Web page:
The Orthotics journey


It’s been a long long journey to get to where I am now, but I wanted to share it, in the hope that others won’t give up on the process.

My orthotic journey goes back a few years. Quite a few. I never really thought about my feet until I started running. Well, you don’t, do you? I have always had weird bones sticking out in places where other people haven’t, I have always known I have very flat feet, so what? I kinda have two ankle bones on the inside, which made it difficult getting shoes when I was a kid, extra bits sticking out and all. My parents and my sister have always made fun of what they called my ‘bobbly toes’ but, who cares, I wear shoes, you don’t stare at peoples feet, do you? Its only now I know why.

The first time I considered orthotics was around ten years ago. There were some cheap ones on offer in Clarks, metal plate type things, off the shelf. Hmmm, ok, ish, well, I got bored of them, didn’t really see the point.

The next was at the ideal home show a number of years ago. I was getting achy feet when I walked distances, they promised all sorts of magical things they could fix, all I had to do was walk across this plate. Well, ok I thought, so I did. Oooooh you have very flat feet… bla bla bla and they told me I definitely needed them. Well, they blinded me with science, talked about foot imprints, and stuff, and said they would post them out.

When they arrived, they were hard stiff plastic, with a soft covering, and about 2/3 of the foot long, stopping just before the metatarsal. It took me ages and ages to get used to running in them (yup, I have now found running, and am at the start of my weight loss journey) and they constantly gave me blisters on my arch. Blisters were nothing new, I constantly have got blisters on my instep when I run. I have to wear compeed all the time during training, and use lots of Vaseline and crossed fingers during races! I persevered for a bit, but the aches from wearing them started to bug me and didn’t go away so I gave up and put them in the cupboard.

A few years more pass by, and to be honest I can’t remember why I resurrected the idea. Perhaps it was more pain; I think perhaps it may have even been knee problems, which the physio blamed on my feet. Anyway, I went to a local podiatrist. Again, they oooh and ahhh, look in wonder and tell me how crap my feet are. This time my feet are cast and moulds are made from them. I feel a bit more positive, maybe these ones will be proper ones? When they come, they are again hard plastic, with a soft covering, but are the length of my foot. Again I’m told it will take a while for my feet to moult to them. So off I trot, but as before, blisters, pain, aches. I really did try, and went back loads of times to the podiatrist. In the end they got fed up with me I think, and refused to communicate any further. The blisters were blamed on the foot rubbing against the edge of the orthotic, extra bits were added, nothing. Still rubbish. I had got no where and wasted yet more money (and believe me they weren’t cheap!)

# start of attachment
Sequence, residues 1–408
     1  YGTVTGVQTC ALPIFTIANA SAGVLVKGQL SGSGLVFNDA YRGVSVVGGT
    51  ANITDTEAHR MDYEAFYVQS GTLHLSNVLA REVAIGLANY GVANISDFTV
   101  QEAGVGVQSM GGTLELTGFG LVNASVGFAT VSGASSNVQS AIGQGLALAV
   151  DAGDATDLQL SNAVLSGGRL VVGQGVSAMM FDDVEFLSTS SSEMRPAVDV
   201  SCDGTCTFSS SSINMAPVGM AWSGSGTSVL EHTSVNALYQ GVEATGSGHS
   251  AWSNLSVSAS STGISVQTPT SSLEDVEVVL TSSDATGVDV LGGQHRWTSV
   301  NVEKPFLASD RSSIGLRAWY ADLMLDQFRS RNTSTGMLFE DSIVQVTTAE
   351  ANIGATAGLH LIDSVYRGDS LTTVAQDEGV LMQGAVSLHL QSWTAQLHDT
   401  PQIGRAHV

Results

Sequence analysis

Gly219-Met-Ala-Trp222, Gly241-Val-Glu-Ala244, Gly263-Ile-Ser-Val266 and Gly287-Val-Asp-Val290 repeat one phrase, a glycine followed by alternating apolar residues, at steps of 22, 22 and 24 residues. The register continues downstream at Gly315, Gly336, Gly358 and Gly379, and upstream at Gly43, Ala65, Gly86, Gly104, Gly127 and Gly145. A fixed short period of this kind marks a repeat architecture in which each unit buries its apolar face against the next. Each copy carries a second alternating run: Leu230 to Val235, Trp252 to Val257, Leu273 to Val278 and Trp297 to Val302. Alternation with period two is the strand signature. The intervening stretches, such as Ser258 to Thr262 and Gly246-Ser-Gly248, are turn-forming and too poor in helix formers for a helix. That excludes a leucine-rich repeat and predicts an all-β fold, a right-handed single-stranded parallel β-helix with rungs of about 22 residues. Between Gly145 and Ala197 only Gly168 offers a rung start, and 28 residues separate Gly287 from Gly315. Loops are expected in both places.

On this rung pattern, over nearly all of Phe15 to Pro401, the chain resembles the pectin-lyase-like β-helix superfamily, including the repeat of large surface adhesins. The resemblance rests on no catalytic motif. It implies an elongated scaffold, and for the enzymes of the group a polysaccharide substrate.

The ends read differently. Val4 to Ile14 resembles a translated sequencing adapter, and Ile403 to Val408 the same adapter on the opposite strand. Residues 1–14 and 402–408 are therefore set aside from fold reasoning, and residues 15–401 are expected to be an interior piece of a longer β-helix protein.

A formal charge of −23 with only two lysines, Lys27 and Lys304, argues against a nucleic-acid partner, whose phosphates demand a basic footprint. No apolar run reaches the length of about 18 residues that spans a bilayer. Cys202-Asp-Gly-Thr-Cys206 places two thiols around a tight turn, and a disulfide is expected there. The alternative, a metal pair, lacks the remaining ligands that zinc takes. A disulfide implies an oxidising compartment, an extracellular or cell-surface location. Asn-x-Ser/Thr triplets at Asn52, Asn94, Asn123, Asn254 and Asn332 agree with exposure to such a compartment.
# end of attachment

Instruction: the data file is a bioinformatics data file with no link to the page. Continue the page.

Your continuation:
So, many years go by, and another set go into the cup board. I got a gait analysis at the Sweatshop, bought the best and most supportive trainers on the market, (which for my feet turned out to be Asics gel foundation) and thought screw sticking stuff in my shoes that clearly wont work. I’ll manage.

And manage I did, for a number of years. Thought nothing more till this summer, I developed excruciating pain in my foot. I went to my trusty physio (yes, I know, they don’t do feet!) He said oooooh, you have very unusual and flat feet.. bla bla bla. I think you should see a podiatrist. YAWN!!! What again. Never. I made an appointment. I have to be honest, I cancelled it, and gave an excuse. But, the pain didn’t abate and soon I could hardly walk. I had the European championships coming up really soon, so I thought I had better do something.